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Epithelioid Trophoblastic Tumor: An Outcome-Based Literature Review of 78 Reported Cases
  1. Xiaofei Zhang, MD*,
  2. Weiguo Lü, MD and
  3. Bingjian Lü, MD*,
  1. *Departments of Surgical Pathology and
  2. Gynecologic Oncology, the Affiliated Women’s Hospital, School of Medicine, Zhejiang University, China; and
  3. Key Laboratory of Women’s Health and Fertility, Zhejiang Province.
  1. Address correspondence and reprint requests to Bingjian Lü, MD, Department of Surgical Pathology, the Affiliated Women’s Hospital, School of Medicine, Zhejiang University, 1 Xueshi Road, Hangzhou, Zhejiang Province, PR China, 310006. E-mail: lbj{at}


Objectives Epithelioid trophoblastic tumor (ETT) is very rare; and therefore, a substantially increased data set is unlikely to be obtained in the near future. This analysis aimed to assess the effects of current management on clinical outcomes and to identify potential prognostic indicators in ETT.

Methods We applied a literature search using PubMed to analyze the clinical data of 78 published cases of ETT.

Results Women with ETT present at reproductive age (mean ± SD, 37.1 ± 8.7 years) and have a slightly to moderately elevated serum β-human chorionic gonadotropin (median, 665 IU/L). Epithelioid trophoblastic tumor is frequently present in the lower uterine segment/cervix (26/58 cases) and can be misdiagnosed as squamous cell carcinoma (6/26). Lung is the most common extrauterine site of ETT (5/11 with uterine ETT and 10/20 without uterine ETT). Kaplan-Meier analysis indicates that chemotherapy (surgery with postoperative chemotherapy vs surgery alone) is associated with increased ETT relapse (P = 0.005), even after stratification by International Federation of Gynecology and Obstetrics (FIGO) stage (P = 0.008); but FIGO stage remains the only significant prognostic indicator for ETT (P = 0.015).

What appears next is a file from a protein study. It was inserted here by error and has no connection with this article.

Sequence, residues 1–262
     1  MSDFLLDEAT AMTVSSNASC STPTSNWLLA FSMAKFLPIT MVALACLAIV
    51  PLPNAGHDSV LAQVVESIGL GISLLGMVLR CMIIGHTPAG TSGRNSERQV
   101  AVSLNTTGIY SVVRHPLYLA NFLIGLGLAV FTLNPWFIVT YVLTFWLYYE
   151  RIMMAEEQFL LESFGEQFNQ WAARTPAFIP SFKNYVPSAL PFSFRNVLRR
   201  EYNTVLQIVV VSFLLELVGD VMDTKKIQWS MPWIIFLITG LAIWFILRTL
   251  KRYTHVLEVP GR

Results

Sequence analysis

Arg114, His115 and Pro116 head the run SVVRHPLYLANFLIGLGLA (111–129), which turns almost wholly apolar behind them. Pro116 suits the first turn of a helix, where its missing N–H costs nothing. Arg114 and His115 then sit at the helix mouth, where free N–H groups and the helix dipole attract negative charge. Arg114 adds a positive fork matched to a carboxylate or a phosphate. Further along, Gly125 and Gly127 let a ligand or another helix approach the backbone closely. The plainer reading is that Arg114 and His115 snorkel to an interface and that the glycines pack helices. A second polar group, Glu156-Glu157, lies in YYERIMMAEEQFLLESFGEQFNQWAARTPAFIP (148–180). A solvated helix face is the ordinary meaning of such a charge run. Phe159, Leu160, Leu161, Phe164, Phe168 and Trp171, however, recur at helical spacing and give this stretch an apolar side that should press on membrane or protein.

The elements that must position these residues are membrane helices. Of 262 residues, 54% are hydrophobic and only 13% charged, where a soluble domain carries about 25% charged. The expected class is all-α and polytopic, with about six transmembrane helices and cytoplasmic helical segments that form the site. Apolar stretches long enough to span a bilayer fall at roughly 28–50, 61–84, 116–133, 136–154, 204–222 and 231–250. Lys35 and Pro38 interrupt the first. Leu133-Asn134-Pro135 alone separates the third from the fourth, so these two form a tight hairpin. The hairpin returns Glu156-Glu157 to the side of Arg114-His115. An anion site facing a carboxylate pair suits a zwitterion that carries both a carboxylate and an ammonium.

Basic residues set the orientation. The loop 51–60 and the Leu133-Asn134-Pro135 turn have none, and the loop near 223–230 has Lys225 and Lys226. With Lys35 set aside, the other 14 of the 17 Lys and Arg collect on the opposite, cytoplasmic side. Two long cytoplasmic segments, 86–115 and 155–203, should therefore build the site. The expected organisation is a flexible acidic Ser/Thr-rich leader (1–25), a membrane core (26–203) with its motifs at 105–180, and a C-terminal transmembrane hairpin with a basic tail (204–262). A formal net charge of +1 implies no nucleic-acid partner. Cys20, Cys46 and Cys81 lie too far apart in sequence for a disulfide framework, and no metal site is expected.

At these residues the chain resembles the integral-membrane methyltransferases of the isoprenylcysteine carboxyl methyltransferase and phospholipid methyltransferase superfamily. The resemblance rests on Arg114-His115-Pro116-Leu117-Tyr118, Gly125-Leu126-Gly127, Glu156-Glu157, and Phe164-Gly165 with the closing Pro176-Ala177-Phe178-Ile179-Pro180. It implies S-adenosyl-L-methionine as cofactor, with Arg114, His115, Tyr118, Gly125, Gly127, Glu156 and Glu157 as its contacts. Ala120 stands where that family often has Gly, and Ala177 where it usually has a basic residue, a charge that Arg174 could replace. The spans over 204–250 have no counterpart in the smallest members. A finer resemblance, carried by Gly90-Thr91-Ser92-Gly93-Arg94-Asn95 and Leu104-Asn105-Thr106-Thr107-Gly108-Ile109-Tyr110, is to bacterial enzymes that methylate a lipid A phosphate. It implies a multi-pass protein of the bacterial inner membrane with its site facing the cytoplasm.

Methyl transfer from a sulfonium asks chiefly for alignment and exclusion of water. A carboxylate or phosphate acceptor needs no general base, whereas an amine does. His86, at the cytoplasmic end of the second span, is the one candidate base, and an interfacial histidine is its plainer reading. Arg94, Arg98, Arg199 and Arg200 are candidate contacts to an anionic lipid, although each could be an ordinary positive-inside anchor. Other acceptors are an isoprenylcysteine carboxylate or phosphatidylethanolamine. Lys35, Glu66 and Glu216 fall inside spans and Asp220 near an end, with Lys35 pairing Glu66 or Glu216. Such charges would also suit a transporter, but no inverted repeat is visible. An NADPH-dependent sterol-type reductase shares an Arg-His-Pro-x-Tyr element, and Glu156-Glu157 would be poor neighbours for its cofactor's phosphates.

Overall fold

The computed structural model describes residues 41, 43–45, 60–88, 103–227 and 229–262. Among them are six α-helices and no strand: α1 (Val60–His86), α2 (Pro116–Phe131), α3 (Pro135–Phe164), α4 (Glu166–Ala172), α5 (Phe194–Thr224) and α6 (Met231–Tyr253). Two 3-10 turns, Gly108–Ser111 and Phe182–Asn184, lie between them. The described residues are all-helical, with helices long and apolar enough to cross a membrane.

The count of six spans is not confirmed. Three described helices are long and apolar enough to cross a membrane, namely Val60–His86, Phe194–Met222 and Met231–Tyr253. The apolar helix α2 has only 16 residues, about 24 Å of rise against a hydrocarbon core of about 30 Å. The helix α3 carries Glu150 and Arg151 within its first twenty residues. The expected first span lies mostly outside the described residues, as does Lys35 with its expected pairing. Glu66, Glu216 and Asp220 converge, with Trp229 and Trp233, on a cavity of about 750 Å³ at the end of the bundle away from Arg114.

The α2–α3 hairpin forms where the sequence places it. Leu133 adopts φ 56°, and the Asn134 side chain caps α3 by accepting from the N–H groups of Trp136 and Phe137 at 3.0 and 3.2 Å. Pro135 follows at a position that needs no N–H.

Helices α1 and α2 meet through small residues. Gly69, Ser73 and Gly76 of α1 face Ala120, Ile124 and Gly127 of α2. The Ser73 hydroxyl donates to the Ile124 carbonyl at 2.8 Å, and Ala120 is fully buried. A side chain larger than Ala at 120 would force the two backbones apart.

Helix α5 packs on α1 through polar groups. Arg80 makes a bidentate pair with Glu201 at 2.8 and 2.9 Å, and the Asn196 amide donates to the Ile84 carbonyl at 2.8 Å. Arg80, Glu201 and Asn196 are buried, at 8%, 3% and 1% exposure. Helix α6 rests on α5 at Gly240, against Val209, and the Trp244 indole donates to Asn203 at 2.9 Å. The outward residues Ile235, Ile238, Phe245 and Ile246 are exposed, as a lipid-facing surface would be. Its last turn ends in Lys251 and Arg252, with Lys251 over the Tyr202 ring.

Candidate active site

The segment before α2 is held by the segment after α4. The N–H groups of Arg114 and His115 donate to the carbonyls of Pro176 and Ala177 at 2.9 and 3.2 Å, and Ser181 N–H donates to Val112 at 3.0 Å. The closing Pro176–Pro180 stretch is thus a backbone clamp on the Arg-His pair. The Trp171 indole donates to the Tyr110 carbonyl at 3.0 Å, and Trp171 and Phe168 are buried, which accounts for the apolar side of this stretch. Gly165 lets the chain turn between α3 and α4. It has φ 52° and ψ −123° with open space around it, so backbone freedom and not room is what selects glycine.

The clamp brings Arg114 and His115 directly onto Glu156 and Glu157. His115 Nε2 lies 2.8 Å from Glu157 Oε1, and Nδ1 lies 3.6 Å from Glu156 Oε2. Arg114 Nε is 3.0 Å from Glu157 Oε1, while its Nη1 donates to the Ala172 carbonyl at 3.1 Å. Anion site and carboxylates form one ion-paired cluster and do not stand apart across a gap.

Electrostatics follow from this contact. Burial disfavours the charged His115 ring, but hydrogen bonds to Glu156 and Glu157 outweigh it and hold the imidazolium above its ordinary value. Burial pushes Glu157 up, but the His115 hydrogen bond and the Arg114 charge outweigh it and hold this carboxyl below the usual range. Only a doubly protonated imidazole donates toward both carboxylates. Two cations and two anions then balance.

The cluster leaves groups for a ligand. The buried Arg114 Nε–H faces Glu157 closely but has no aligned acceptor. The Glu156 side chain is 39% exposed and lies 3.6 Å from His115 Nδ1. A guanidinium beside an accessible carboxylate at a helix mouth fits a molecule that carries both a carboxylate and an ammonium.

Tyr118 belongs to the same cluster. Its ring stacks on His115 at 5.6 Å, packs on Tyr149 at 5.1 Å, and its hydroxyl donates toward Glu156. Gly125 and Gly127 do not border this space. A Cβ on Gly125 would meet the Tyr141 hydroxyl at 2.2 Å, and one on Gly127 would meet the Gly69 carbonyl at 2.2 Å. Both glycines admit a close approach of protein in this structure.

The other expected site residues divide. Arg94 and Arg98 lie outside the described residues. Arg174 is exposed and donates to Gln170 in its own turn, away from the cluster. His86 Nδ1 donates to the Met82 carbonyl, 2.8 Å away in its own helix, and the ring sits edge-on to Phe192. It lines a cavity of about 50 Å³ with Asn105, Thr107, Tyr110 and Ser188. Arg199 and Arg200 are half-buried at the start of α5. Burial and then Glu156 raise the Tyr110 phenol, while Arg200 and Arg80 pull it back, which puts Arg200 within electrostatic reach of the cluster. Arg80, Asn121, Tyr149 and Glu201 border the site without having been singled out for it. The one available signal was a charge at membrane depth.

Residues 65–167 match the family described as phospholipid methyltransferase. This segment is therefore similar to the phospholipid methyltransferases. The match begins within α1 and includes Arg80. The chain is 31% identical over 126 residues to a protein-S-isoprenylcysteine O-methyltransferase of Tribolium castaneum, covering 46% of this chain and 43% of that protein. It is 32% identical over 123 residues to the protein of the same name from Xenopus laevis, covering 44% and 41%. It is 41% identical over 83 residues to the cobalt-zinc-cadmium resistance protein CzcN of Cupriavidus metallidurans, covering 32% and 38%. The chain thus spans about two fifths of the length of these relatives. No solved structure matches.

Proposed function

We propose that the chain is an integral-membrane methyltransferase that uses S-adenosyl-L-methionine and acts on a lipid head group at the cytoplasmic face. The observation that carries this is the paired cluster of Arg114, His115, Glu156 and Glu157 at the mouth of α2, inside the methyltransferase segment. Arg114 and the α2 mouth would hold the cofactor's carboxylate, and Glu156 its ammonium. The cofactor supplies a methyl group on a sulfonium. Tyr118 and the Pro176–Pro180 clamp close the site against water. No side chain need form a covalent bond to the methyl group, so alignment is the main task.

Conclusions This analysis confirms the hypothetical chemotherapy resistance and prognostic value of FIGO staging in ETT. These findings remain tentative given the small data set available for analysis and the reporting bias from these published cases; however, they may confer a risk-adapted therapy. Finally, both gynecologists and pathologists should be alert to the potential misdiagnosis of squamous cell carcinoma when ETT is present in the lower uterine segment/cervix.

  • Epithelioid trophoblastic tumor (ETT)
  • Clinicopathology
  • Chemotherapy
  • Outcome

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  • This manuscript was supported by a grant from the Natural Science Foundation of Zhejiang Province (Y2110271), Zhejiang, PR China.

  • The authors declare no conflicts of interest.